It's a Different Life, Just Some Thoughts

beth0301August 1, 2010

Well, after 9 months of remodeling (full time, all day every day) our 1888 Queen Anne we finally moved in March 18. Life is different in a 120 year old house than it was in our 10 year old very modern lake front home.

First, it's drafty and cold in the cooler weather. That's something we can adjust to.

The summer has been tough. Yes, we have a.c. but this old baby isn't very tight. Obviously we need to do some major work there. Our last electric bill was insane - well over double what one would expect in an average home of the same size.

Privacy is something I hadn't anticipated being an issue. The master bedroom is at the end of the hall and even though there's a half bath separating it and the room next to it, you can hear everything. My temporary solution has been to turn a little portable radio on in the half bath and shut the door to create a noisy barrier between the two bedrooms. It's not really a good solution though as the teen in the next room surely knows "why" the radio is on.

Secondly, homeowners insurance has proved to be a big headache. Half the companies don't insure a house over 100 years old. Of those that do, some won't insure a house that's been foreclosed on or bought as a bank property of short sale (ours was bought from a bank). Of the few remaining places I've contacted, they all want a receipt from a licensed contractor showing when all of the wiring and plumbing was updated. I can't produce that as the previous homeowner did the wiring himself and we did the plumbing ourselves. So, we're rated with 120 year old wiring and plumbing (curious, I don't even think this town got electricity until about 110 years ago). I supposed I will need to start questioning the neighbors as to who they have their insurance with. The rate we're paying now is crazy but it's the cheapest I've found.

We still have tons of trim work and touch up painting to do. It feels like we'll never really be done.

Still, all in all, I wouldn't trade it. Sure, it's cold and drafty, hot and steamy, noisy and everything creaks and moans but oh, the look on our friends faces when they walk in and see the 120 year old walnut floors that I just refinished .... or the nicely redone 10.5 foot ceilings .... yeah, it's worth it.


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Insurance is tough. Although it sounds like they are being very strict with you. My house was built in 1910 and thankfully before we bought it, they updated the house with a 100 amp hookup and took out all the knob-and-tube and rewired. The insurance company didn't need a certification, but my agent did have to come over and take a picture to verify it was 100 amp service, and also take the picture to verify that all wires running out of the box were indeed modern wire and not knob-and-tube.

They flat out told me if an old house like mine doesn't have 100 amp service and newer wiring they won't touch it with a ten foot pole.

It's crazy, I tell you. Pretty soon you won't be able to fart into the wind without insurance wanting a certificate for that, too.

The draftiness will get better. Once we insulated and replaced some windows, and filled some cracks and holes here and there, it is significantly better as far as comfort goes. It's never comfortable when it's 0 degrees out though no matter how good your insulation and furnace are LOL.

Our master bedroom is separated from the two other bedrooms by two full baths and a hallway, so privacy is not an issue, plus no children. Can't comment on that one!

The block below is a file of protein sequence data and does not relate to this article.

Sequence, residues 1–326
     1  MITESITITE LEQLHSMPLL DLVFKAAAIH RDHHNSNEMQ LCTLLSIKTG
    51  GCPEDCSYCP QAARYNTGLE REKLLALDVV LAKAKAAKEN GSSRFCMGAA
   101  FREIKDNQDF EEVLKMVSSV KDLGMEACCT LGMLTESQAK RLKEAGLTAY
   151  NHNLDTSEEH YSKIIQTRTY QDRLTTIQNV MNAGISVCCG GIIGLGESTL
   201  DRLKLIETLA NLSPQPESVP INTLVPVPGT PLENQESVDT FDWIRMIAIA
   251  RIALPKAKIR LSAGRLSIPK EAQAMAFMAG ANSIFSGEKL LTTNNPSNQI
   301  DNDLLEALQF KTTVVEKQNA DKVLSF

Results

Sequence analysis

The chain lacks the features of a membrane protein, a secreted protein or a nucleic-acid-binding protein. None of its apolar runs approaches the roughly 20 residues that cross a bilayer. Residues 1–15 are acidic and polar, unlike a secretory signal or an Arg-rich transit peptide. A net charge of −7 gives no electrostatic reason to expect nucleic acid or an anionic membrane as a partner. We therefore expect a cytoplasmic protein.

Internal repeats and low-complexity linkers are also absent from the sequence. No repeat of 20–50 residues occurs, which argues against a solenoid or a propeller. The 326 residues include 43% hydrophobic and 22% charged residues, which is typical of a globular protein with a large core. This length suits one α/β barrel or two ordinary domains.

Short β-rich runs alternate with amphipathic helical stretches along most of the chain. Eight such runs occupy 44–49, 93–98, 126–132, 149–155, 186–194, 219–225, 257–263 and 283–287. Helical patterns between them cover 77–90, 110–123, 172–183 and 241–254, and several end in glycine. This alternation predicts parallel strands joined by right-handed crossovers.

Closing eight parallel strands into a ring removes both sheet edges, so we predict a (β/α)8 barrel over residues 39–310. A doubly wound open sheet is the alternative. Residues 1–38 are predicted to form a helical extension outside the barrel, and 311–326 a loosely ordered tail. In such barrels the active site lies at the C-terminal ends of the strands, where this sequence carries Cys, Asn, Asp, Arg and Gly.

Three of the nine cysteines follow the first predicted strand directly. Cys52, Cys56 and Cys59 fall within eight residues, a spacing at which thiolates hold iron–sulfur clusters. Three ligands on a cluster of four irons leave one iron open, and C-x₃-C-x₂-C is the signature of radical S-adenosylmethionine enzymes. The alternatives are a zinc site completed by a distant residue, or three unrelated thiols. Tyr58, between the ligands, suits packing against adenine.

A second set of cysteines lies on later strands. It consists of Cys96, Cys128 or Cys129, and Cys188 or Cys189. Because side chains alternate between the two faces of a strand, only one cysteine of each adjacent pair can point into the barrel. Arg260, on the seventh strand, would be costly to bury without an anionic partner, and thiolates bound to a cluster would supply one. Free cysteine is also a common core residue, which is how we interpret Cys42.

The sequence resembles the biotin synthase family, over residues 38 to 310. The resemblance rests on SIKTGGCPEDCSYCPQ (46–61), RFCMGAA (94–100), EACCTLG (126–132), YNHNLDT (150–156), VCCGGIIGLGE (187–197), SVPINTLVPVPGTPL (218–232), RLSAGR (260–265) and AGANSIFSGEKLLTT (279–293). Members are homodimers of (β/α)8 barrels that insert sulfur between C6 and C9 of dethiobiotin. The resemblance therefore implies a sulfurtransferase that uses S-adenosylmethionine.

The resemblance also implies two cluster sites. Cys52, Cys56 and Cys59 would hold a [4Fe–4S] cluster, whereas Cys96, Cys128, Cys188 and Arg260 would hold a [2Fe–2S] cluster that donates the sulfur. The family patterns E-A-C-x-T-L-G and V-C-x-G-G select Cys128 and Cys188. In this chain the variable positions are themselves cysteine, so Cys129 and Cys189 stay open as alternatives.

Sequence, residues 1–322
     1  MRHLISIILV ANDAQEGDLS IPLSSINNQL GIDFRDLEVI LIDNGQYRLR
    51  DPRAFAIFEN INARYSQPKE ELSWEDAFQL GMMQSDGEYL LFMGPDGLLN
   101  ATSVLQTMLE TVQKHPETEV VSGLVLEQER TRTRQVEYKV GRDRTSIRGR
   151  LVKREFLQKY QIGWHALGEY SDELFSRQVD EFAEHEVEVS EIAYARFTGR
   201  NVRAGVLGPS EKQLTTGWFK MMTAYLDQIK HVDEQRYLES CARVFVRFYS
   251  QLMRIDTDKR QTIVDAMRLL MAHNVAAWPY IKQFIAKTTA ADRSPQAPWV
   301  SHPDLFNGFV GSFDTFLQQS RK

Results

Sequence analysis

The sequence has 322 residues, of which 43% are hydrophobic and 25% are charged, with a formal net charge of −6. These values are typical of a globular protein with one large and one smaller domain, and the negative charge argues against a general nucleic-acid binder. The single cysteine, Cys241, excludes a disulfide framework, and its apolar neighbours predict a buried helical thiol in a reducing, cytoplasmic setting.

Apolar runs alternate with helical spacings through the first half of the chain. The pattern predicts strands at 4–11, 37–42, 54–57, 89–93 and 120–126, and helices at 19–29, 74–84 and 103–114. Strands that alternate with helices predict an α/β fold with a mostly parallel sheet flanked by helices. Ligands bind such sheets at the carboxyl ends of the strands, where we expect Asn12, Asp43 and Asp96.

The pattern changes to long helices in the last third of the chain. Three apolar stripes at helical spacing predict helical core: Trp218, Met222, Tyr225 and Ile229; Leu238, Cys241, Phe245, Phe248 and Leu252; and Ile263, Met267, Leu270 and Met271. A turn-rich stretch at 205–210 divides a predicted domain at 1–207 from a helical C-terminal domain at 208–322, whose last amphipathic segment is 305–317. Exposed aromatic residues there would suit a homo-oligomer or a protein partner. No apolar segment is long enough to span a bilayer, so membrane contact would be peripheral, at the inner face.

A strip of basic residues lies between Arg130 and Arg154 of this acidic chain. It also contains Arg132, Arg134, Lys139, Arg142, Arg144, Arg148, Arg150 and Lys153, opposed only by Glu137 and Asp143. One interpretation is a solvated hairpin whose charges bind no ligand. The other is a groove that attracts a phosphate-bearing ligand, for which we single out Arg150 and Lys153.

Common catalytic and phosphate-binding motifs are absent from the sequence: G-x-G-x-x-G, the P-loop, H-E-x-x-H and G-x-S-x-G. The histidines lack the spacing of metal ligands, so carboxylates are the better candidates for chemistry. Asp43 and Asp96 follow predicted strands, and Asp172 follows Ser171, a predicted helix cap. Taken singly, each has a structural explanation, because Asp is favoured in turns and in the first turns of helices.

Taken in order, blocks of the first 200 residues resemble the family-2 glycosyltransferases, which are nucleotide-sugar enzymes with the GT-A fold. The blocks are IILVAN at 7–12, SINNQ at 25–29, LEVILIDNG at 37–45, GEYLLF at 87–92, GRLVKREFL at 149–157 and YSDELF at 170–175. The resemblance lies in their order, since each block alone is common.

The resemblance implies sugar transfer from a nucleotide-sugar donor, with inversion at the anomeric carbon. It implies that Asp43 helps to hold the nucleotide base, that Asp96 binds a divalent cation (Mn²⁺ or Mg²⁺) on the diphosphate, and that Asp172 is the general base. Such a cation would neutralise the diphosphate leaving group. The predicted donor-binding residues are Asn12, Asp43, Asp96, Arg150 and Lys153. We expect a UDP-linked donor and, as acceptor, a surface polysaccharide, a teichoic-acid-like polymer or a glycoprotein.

And our house has 10' ceilings too and it is absolutely my FAV thing in this house.

Good luck, sounds like everything is going pretty well!

    Bookmark   August 2, 2010 at 2:01AM
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The meaningful comparison is with a theoretical new house that meets all your criteria in soundproofing, weatherproofing, ready insurability, and other practical realms but does not make your pulse race.

Any house is going to have things go wrong (having bought a house out of foreclosure last year without actually noticing that it seemed to have been structurally jacked up sometime in the last 90 years, I know whereof I write). Some people just have much more resilience in dealing with problems in a house they love rather than one that merely meets some list of practical requirements.

I did not have an inspection before I bought the house, but I was able to get it insured as is with a couple dozen emailed photos. All the insurer really was concerned about is that someone was living on site. I assume that when work is completed later this year (after 18 months and a gazillion dollars), I can get it insured for near its market value as a restored but still funky house that meets all local codes.

Cheers and best wishes to everyone who gets claustrophobia in spaces less than 9 feet tall.

    Bookmark   August 2, 2010 at 1:13PM
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We have a really loud fan in the master bedroom of our 120 year old house. I'm sure it would never occur to our teenagers that we need it for anything other than to keep the air moving. You need a fan.

    Bookmark   August 4, 2010 at 11:20PM
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We recently bought a home that was built in 1780. It never dawned on me that insurance for old homes is any different from others. Now I know better. Try Middle Oaks. We were told that they are the only insurer for old homes. We also had to show that the knob and tube was gone as the insurer had a copy of an inspection report that someone else had done on the house. Without that, I don't know that they would have asked us for any proof about the electrical stuff. Middle Oaks has a Restoration Policy and that is what we have. Though the house cost just under #300,000 it is insured for $800,000 which is what it would cost to return it to it's original condition. It's post and beam and would be rebuilt that way. Good Luck!